Ab Boxley studied history and international relations as an undergraduate at Boston University. Upon graduation, though, he knew he wanted to carve a career path that would not only put the skills he learned in the liberal arts to use, but utilize his quantitative and technical skills as well.

When Boxley was admitted to the first cohort of the University of Virginia’s MBA/MSDS dual-degree program, it was an easy fork in the road to follow.

"I very much appreciate the opportunity to play in both sandboxes."  

The MBA/MSDS dual-degree program at the University of Virginia is matriculating its first cohort this year, and those seven students will graduate in May 2019 with a Master of Science in Data Science degree from UVA’s Data Science Institute and an MBA from the Darden School of Business. In just 24 months, students are immersed in the DSI’s rigorous academic and applied research program and Darden’s top-ranked general management program, graduating with two advanced degrees from one of the top universities in the world.

“From my perspective the MSDS is about focused academic development,” Boxley said. “Darden is an excellent institution, but as a general management curriculum it's inherently - you guessed it - general.

“The MSDS gives me the opportunity to focus on an area that matters to me and hopefully makes sure that my post-MBA/MSDS job entails building PowerPoints and writing code. Most importantly it means that I bring a unique set of qualifications that I really enjoy engaging, so I will be better aligned to do the kind of work I want to be doing.”

The first seven students came into the program with different backgrounds and varying degrees of technical prowess but a common goal to position themselves for future success with a unique skill set that will be highly valued for years to come.

Members of the first cohort, all Class of 2019, arrived with backgrounds that span industries and the globe:

  • Mike Christison came to Darden after working with a startup focused on marketing research in the Washington, D.C., area.

  • Steve Mortensen was a consultant for a computer software company in Utah.

  • Ab Boxley served as the principal for an IT firm in the D.C. area.

  • Karen Li was a consultant and app developer in Beijing.

  • Ailun Zhu worked in an ad agency as a media strategist in Shanghai.

  • Ashish Singh was an operations consultant in the Bengaluru area of India.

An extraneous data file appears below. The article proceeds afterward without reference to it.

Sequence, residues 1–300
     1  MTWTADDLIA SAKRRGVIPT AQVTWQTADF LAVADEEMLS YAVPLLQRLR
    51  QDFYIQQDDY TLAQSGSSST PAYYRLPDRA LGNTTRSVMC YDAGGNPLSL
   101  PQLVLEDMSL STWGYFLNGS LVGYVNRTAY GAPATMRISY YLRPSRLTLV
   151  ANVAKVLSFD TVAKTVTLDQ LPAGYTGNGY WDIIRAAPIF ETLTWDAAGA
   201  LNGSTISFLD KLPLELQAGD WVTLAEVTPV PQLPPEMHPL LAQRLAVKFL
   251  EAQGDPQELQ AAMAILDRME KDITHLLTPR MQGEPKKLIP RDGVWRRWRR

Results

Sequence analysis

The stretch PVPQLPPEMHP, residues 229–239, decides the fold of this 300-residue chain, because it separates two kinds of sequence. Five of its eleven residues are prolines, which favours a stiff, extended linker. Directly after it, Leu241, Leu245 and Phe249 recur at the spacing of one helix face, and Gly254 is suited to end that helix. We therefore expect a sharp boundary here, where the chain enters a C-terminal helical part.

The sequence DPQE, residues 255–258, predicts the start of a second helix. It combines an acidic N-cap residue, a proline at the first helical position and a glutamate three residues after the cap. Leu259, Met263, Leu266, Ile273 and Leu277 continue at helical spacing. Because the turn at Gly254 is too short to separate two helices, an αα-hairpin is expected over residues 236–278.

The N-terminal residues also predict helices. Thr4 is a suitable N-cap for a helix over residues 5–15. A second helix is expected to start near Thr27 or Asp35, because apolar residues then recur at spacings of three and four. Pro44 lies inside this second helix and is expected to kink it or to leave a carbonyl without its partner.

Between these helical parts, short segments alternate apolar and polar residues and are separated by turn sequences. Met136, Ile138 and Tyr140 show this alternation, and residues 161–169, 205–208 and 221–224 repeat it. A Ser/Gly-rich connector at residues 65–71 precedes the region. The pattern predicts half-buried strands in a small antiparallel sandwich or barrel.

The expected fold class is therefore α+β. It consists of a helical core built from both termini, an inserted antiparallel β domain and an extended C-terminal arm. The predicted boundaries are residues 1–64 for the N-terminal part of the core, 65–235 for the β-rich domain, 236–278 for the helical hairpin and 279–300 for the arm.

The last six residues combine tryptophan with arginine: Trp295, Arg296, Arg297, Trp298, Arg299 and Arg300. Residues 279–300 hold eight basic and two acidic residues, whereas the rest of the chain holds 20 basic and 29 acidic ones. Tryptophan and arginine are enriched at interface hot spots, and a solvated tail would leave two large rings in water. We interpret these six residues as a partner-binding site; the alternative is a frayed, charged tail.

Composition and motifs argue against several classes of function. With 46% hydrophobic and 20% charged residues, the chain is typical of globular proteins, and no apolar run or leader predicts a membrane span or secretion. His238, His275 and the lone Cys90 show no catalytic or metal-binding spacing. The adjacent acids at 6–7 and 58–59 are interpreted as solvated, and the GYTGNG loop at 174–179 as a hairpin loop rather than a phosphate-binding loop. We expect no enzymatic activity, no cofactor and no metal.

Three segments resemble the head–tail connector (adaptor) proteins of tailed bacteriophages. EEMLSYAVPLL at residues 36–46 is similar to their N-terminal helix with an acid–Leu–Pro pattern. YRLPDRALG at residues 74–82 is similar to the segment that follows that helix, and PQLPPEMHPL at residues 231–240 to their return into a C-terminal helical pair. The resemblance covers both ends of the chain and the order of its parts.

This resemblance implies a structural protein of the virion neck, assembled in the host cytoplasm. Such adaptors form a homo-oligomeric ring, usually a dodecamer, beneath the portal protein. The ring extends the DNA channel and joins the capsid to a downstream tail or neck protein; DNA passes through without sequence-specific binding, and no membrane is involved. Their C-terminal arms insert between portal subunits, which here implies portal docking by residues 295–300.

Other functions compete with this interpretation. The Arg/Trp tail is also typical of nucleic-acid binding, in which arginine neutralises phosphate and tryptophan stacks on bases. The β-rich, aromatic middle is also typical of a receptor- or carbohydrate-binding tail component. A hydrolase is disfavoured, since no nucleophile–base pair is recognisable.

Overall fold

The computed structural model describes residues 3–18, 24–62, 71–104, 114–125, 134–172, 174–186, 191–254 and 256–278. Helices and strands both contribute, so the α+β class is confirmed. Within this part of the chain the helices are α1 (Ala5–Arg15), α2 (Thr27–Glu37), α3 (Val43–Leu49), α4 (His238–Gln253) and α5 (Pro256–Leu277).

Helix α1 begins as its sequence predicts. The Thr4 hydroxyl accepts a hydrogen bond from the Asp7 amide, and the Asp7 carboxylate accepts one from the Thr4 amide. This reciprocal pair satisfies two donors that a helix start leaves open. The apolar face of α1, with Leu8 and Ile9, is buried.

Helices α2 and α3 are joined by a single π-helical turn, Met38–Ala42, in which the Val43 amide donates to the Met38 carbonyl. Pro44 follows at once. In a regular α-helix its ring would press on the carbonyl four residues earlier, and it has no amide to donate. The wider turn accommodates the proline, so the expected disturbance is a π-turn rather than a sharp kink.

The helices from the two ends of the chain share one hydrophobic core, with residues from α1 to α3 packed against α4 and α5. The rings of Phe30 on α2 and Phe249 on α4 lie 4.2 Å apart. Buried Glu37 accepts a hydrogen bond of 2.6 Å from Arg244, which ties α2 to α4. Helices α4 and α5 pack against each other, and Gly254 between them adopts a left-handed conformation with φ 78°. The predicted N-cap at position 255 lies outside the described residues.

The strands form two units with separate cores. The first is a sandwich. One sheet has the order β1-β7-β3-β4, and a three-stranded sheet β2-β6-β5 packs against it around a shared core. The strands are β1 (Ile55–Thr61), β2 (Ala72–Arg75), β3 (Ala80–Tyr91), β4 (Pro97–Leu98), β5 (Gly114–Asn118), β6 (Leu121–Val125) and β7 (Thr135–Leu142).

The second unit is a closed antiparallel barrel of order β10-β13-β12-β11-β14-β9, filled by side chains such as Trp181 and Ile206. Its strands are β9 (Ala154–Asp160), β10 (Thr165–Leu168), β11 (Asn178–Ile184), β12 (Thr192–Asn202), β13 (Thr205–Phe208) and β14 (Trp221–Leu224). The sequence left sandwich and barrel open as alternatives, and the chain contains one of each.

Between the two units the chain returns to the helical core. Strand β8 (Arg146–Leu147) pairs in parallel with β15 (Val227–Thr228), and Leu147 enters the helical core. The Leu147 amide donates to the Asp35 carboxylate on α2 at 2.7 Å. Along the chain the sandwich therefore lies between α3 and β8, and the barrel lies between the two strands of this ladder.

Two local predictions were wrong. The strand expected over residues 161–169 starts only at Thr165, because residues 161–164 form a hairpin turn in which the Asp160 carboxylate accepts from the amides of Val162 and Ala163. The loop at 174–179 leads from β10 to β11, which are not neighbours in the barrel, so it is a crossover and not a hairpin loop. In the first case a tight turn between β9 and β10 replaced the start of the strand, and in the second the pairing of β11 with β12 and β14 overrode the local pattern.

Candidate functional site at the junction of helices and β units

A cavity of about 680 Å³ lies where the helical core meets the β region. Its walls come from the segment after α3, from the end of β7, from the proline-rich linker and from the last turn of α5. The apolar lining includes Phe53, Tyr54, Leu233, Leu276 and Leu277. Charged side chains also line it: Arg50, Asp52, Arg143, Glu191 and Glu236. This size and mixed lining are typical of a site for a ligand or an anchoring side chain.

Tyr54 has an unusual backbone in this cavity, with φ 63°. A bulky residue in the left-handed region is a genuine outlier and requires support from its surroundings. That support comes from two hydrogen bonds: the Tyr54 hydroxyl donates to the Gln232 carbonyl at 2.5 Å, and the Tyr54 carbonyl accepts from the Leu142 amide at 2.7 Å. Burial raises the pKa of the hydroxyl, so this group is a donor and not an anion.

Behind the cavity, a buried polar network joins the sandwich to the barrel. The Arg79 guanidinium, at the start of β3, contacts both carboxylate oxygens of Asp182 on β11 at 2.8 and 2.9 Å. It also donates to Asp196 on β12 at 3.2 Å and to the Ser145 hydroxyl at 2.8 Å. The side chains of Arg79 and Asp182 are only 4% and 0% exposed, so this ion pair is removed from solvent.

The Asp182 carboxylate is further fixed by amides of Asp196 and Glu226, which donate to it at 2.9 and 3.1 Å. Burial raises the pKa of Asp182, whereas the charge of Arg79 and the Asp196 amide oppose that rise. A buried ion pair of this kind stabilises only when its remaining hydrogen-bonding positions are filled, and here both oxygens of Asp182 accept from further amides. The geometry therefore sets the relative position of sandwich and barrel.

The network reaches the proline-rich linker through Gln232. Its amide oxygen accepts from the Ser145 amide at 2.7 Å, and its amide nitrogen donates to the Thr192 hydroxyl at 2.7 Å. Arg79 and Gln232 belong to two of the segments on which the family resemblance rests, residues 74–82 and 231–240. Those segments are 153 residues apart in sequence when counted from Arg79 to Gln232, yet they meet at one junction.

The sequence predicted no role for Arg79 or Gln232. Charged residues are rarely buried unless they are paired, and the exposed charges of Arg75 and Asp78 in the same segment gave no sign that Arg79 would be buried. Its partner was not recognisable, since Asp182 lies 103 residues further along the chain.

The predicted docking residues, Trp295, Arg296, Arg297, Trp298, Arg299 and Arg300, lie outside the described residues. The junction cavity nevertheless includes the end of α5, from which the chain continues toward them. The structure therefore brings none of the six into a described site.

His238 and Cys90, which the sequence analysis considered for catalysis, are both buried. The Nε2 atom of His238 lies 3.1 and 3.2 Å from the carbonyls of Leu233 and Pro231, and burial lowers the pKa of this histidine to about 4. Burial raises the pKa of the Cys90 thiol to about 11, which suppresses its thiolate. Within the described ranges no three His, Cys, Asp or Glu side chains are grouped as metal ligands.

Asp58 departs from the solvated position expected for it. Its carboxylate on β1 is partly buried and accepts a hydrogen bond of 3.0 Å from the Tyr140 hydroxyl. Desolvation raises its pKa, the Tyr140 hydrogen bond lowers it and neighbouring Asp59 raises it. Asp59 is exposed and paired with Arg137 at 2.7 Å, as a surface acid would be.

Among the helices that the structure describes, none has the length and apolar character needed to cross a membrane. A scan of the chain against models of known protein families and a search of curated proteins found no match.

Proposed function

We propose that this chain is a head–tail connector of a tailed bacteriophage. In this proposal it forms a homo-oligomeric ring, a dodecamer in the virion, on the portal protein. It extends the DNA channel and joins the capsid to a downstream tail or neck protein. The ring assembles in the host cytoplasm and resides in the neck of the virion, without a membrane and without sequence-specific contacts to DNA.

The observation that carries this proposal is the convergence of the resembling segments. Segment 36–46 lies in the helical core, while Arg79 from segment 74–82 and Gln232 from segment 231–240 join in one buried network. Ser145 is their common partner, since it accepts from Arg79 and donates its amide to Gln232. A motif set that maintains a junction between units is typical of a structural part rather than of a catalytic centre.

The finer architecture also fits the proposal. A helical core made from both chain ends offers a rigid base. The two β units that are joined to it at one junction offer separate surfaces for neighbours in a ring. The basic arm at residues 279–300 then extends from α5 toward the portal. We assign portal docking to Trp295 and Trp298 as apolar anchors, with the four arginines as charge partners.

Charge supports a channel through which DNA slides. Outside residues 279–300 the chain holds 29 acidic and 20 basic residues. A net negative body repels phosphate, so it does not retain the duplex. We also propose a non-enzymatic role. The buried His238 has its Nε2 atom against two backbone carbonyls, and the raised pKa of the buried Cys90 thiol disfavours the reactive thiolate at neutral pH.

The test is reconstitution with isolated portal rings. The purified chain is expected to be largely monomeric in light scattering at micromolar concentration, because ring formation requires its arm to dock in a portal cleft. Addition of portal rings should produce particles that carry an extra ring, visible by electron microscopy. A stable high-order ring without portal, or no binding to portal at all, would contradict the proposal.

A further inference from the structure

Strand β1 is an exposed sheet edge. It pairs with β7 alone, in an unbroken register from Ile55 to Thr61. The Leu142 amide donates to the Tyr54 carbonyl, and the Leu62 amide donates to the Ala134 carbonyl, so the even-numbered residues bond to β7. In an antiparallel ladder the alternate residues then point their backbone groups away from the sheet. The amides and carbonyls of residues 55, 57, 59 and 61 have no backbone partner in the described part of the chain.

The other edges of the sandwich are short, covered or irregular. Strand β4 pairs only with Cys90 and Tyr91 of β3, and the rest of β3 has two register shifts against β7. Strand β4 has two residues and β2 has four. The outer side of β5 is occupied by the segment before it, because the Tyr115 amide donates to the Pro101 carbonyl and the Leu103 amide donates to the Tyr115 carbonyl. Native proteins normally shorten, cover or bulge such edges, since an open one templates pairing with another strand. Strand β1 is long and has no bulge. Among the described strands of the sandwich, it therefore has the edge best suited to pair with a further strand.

• Marcelo Costa de Sousa was in e-commerce for a bank in Brazil.

The students are aware that they are pioneers of a new dual degree that began the year they were admitted, and they are excited about building a sustainable program many hope will expand dramatically in the future. Program architects like Darden professor Raj Venkatesan and DSI Director Phil Bourne actively seek their feedback and respond to concerns, adding flexibility where needed.

The cohort entered the program having at least completed four prerequisite courses in subject matters including programming and statistics. After completing the data science intensive summer session that starts both programs, the students begin both DSI and Darden courses in the fall with a stronger baseline in the field. 

Darden Professor Raj Venkatesan, who helps lead the program, sees the utility of the dual degree in a variety of roles.

“Every aspect of business including strategic thinking, talent management, operations, finance and marketing is being affected by data, and MBA graduates are expected to have knowledge of the functional aspects of business and be able to use data effectively to make strategic business decisions,” said Venkatesan. “The dual-degree program with the Data Science Institute is designed to help students achieve this. It provides the breadth of a general management program and the depth of a data science degree.”

Research from groups such as the World Economic Forum suggests that technical literacy will be critical to a wide range of senior positions in the future, but those that truly excel will be able to couple that knowledge with so-called soft skills such as an aptitude for thinking creatively and working collaboratively.

"A goal of the DSI is to partner across grounds with all Schools so that UVA as a whole becomes a national leader in data science,” said DSI Director Phil Bourne. “With the dual MBA/MSDS degree, we have made an excellent start in this direction engaging graduate students who I have every confidence will go on to be leaders in data science and business.”

The compressed timeline and emphasis on data science, coupled with the 24-month optional practical training for students in science, technology, engineering and math (STEM) fields, which allows certain students born outside of the U.S. to continue to work in STEM fields for a set period after graduation, may also make the program particularly compelling for students from countries like China and India.

For now, the early adopters are enjoying their decision to enroll in both programs and taking some satisfaction in straddling two worlds. The program plans to expand to matriculate a full cohort of about 40 MBA/MSDS students in 2018, in addition to the 40 regular MSDS students at the DSI.

“A big part of the value so far has been the diversity of experience that MSDS students bring to the program,” Boxley said. “Sure there are a lot of engineers, but all sorts of different engineers, with different backgrounds and levels of professional experience.

“It's a very different group than the Darden crowd, and I very much appreciate the opportunity to play in both sandboxes.

"I can't wait for year two.”